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Leeds Trinity University

Primary Education (Early Years 3-7) with Foundation Year in Education and Childhood

UCAS Code: X124

Bachelor of Arts (with Honours) - BA (Hons)

Entry requirements


UCAS Tariff

32

GCSEs in English language and Maths at grade c or 4 are also required for this course.

About this course


Course option

4.0years

Full-time | 2019

Subject

Primary teaching

Leeds Trinity’s four-year degree programmes allow you to commence your studies with an initial foundation year. This initial one-year period of study allows you to develop your academic skills and confidence through undertaking four 30-credit Level 3 modules. These modules are designed to introduce you to a number of key concepts, debates and skills that will inform your second, third and fourth years of study.

If you have the capacity to undertake degree-level study, but may not have the required entry requirements to do so, this offers you an alternative way in to university. It also offers a development opportunity to you if you wish to build your skills and confidence by undertaking four rather three years of university study. Upon successful completion of the foundation year, you will be able to progress to Year 1 of a linked honours degree.

Before completion of your Foundation Year, you will be required to successfully complete the University’s selection process for the BA (Hons) Primary Education (Early Years 3-7 with QTS) programme which will include an interview in order to proceed on to year one of the full degree programme.

Entry on to year one of the linked degree programme will also be subject to passing the Professional Skills Tests in Maths and English prior to the start of the linked degree programme. Tutorials will be available as part of the Project module to help students pass the Professional Skills Tests.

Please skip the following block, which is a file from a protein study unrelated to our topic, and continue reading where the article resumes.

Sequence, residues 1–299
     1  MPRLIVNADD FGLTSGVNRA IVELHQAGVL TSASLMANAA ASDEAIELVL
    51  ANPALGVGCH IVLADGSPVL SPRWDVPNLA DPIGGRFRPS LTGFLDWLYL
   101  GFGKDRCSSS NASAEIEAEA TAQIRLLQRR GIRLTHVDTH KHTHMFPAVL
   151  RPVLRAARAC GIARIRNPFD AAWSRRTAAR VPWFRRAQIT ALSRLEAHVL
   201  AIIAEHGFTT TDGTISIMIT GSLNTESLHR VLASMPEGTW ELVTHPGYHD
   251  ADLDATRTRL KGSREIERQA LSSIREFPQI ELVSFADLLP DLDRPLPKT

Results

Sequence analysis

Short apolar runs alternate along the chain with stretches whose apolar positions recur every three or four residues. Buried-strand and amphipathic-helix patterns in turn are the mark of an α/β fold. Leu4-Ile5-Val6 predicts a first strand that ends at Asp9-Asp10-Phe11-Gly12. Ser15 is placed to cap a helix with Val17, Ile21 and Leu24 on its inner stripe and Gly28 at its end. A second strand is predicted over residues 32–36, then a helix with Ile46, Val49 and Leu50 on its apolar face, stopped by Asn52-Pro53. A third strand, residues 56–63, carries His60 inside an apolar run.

Tuition fees

Select where you currently live to see what you'll pay:

Channel Islands
£9,250
per year
England
£9,250
per year
EU
£9,250
per year
Northern Ireland
£9,250
per year
Scotland
£9,250
per year
Wales
£9,250
per year

The Uni


Course location:

Leeds Trinity University

Department:

Primary Education

TEF rating:

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What students say


We've crunched the numbers to see if overall student satisfaction here is high, medium or low compared to students studying this subject(s) at other universities.

73%
low
Primary teaching

How do students rate their degree experience?

The stats below relate to the general subject area/s at this university, not this specific course. We show this where there isn’t enough data about the course, or where this is the most detailed info available to us.

Teacher training

Teaching and learning

72%
Staff make the subject interesting
86%
Staff are good at explaining things
80%
Ideas and concepts are explored in-depth
87%
Opportunities to apply what I've learned

Assessment and feedback

Feedback on work has been timely
Feedback on work has been helpful
Staff are contactable when needed
Good advice available when making study choices

Resources and organisation

77%
Library resources
96%
IT resources
84%
Course specific equipment and facilities
39%
Course is well organised and has run smoothly

Student voice

Staff value students' opinions

Who studies this subject and how do they get on?

100%
UK students
0%
International students
21%
Male students
79%
Female students
91%
2:1 or above
9%
Drop out rate

Most popular A-Levels studied (and grade achieved)

C
D
C

After graduation


The stats in this section relate to the general subject area/s at this university – not this specific course. We show this where there isn't enough data about the course, or where this is the most detailed info available to us.

Teacher training

What are graduates doing after six months?

This is what graduates told us they were doing (and earning), shortly after completing their course. We've crunched the numbers to show you if these immediate prospects are high, medium or low, compared to those studying this subject/s at other universities.

£22,449
med
Average annual salary
99%
med
Employed or in further education
58%
high
Employed in a role where degree was essential or beneficial

Top job areas of graduates

91%
Teaching and educational professionals
2%
Customer service occupations
2%
Childcare and related personal services
What do graduate employment figures really tell you?